Sunday, February 22, 2009

Mind is Everything - Paavo Nurmi

A few days ago my question was "How the hell am I going to run 6 miles on Sunday when I am struggling with 2?" Well, I found the answer today - you run 6 miles with your head.
I spent most of yesterday thinking mostly about Paavo Nurmi - the person whom I revere as the god of my running universe. Those are his words which grace the top of my blog: "Mind is everything: muscle, pieces of rubber. All that I am, I am because of my mind". This is something all runners know - but it is really hard to remember that when you are having a difficult moment. It is hard to overcome what Lasse Viren calls "the barriers of the mind". It is so much easier to give in to the discomfort and pain. But how to wrap your mind around it?
I often think that running is about paying tribute to the spirit. Firstly your own, and then to all those who came before you. I felt that the issues I was facing were mind-related. Having established that, I felt grateful that I had no muscular or joint issues, given that, I could actually try out this running-with-your-mind business.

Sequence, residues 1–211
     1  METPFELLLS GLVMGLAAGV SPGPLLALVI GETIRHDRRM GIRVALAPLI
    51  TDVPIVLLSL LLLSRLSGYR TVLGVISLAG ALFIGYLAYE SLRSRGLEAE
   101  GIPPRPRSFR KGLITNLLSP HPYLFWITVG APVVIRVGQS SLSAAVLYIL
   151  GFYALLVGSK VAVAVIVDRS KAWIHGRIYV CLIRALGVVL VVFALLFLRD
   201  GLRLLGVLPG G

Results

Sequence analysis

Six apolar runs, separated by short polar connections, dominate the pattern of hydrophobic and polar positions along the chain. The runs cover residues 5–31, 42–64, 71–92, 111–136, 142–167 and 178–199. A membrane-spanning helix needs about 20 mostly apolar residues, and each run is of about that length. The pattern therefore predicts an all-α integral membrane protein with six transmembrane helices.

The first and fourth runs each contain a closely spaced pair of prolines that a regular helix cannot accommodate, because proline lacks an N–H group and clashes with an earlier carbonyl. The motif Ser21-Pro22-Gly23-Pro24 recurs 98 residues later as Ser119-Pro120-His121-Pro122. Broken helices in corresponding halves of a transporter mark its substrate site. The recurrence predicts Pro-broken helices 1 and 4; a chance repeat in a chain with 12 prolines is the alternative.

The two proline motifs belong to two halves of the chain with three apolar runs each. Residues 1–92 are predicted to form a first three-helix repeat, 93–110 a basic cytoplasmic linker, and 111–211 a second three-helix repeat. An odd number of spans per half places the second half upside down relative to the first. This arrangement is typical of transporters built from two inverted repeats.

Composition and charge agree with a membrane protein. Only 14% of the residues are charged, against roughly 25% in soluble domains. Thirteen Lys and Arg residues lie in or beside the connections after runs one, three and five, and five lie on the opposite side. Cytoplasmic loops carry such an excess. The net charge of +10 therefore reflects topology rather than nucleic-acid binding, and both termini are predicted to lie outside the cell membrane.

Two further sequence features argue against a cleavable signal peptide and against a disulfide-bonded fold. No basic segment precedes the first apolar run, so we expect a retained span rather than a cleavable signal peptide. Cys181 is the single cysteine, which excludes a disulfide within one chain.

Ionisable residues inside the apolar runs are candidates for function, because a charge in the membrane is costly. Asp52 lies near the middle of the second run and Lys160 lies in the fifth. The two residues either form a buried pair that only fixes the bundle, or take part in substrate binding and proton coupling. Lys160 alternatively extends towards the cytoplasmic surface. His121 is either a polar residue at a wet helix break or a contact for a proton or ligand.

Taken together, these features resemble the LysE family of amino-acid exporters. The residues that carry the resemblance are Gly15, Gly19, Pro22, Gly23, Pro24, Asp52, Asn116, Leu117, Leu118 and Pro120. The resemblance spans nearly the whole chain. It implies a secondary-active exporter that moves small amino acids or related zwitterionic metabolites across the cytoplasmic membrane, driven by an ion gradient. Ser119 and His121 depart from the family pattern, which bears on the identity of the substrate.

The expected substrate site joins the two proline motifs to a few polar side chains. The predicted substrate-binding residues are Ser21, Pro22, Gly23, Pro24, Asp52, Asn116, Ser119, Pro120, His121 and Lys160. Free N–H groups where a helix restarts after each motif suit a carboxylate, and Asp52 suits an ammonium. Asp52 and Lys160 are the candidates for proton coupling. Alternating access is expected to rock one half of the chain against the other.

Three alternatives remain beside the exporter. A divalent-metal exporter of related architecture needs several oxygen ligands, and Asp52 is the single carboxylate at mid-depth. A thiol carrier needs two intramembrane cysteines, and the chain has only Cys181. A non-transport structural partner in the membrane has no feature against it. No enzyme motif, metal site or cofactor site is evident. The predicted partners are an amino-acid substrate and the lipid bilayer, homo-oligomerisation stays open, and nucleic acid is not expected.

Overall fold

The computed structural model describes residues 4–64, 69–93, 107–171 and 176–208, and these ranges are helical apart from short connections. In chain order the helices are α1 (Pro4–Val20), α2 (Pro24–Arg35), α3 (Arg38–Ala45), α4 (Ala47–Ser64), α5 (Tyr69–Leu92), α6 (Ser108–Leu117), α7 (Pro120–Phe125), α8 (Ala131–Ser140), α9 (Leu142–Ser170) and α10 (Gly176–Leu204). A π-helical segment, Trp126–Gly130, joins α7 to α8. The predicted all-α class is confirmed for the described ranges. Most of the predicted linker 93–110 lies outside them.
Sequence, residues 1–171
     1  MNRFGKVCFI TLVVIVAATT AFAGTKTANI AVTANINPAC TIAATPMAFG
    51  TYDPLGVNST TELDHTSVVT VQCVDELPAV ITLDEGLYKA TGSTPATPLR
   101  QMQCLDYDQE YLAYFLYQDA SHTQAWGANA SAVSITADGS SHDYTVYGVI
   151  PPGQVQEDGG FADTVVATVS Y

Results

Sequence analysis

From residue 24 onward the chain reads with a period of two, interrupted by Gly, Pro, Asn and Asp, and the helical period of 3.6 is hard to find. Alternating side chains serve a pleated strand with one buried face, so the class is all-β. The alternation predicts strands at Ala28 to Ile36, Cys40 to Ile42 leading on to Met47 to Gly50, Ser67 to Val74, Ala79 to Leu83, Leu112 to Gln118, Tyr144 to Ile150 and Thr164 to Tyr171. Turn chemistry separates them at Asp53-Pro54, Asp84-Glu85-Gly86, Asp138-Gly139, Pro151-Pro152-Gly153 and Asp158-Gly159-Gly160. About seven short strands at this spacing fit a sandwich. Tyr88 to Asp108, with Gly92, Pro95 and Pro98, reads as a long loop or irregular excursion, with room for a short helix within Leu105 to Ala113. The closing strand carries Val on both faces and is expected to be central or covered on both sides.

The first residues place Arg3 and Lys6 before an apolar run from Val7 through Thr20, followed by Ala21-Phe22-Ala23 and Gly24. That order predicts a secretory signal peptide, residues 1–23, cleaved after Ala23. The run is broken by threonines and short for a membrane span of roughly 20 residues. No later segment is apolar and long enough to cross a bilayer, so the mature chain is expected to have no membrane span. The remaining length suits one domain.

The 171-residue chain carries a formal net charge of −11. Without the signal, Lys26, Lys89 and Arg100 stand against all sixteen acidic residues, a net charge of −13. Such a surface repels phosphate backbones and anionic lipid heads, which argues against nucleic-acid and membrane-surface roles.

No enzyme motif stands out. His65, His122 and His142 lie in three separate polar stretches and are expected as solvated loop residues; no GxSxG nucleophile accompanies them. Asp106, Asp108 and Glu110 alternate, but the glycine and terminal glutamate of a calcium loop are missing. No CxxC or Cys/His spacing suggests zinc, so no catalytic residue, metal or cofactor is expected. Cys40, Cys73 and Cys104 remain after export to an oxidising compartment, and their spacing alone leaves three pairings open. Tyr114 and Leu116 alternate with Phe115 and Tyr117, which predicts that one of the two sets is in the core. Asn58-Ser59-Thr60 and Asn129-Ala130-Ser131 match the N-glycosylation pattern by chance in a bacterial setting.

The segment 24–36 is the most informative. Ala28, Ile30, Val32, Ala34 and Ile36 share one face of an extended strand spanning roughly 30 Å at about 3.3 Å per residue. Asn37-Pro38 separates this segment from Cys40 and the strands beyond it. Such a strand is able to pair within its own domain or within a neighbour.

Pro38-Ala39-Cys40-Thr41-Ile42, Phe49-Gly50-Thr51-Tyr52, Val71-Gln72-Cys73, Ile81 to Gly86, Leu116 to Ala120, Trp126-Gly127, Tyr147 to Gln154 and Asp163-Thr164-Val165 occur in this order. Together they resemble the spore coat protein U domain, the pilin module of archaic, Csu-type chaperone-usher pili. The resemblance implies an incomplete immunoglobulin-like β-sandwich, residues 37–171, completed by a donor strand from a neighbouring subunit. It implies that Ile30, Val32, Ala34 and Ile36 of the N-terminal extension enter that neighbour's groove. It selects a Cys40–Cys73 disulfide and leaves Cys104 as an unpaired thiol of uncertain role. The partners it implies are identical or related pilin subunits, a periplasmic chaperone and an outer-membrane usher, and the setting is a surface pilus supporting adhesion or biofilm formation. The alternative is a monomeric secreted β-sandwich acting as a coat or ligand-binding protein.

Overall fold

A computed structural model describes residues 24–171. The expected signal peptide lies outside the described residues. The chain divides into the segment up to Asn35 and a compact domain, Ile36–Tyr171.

I felt washed out on the starting line in Hyannis this morning. It was a cold grey day with showers threatening on the horizon. The 10K, half marathon and marathon all started together and there were sections of the start sectioned off according to pace. I made my way towards the back of the 9 minute mile section, where I was joined by a few of the other Luna Chix.
I thought I would start out slowly and then step it up at mile 5 if I was feeling ok. However, as soon as I started running, my mind drifted to Paavo Nurmi. This was no time to pussyfoot around, so I stepped on it. And ran and ran and ran. Today I ran to the best of my current ability. I ran the fastest pace that I could and never did I even think of slowing down. In the end I ran the 10K in 58:39, giving me a pace of 9:27. I placed 203 in a field of 444 runners, and I placed 14/39 in my age group.
I could not feel my legs when I crossed the finish line, and I now not only felt completely washed out, but brain-washed out too. I picked up my medal and went for a lovely choclately doughnut, cortesy of Dunkin' Donuts. I am happy with what I did today. It's not the best performance I've ever had, but I would like to think that today I ran with my mind - my legs merely complied with the motion.

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